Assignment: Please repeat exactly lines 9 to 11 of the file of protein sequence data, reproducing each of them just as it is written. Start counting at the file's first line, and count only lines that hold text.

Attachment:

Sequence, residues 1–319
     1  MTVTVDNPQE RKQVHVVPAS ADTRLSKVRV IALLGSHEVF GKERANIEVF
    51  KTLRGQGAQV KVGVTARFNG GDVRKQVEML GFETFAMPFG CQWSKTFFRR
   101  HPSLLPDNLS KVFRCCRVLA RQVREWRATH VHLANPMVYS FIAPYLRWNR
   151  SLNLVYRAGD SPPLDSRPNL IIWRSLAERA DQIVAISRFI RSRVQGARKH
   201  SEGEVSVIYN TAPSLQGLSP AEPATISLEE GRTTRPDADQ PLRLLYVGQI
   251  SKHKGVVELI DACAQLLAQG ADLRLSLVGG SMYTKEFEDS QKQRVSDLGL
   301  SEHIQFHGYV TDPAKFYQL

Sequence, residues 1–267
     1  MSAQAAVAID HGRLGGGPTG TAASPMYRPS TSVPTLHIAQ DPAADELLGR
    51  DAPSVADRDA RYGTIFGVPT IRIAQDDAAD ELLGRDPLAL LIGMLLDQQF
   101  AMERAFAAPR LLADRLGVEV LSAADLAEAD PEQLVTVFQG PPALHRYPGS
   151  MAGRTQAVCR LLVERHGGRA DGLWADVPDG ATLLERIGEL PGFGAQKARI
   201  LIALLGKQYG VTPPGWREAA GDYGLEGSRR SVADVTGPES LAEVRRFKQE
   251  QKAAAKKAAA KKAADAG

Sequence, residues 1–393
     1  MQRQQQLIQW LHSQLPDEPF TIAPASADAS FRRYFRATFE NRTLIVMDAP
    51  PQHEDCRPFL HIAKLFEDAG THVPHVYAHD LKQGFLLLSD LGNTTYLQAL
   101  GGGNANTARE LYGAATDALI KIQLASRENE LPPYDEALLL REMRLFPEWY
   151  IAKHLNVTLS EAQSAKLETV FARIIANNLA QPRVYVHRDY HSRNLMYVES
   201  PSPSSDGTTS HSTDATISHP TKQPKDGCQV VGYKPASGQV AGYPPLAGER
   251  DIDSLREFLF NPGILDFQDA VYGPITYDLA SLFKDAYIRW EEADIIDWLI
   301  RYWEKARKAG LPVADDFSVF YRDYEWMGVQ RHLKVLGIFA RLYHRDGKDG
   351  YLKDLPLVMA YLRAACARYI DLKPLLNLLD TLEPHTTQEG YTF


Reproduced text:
Sequence, residues 1–267
     1  MSAQAAVAID HGRLGGGPTG TAASPMYRPS TSVPTLHIAQ DPAADELLGR
    51  DAPSVADRDA RYGTIFGVPT IRIAQDDAAD ELLGRDPLAL LIGMLLDQQF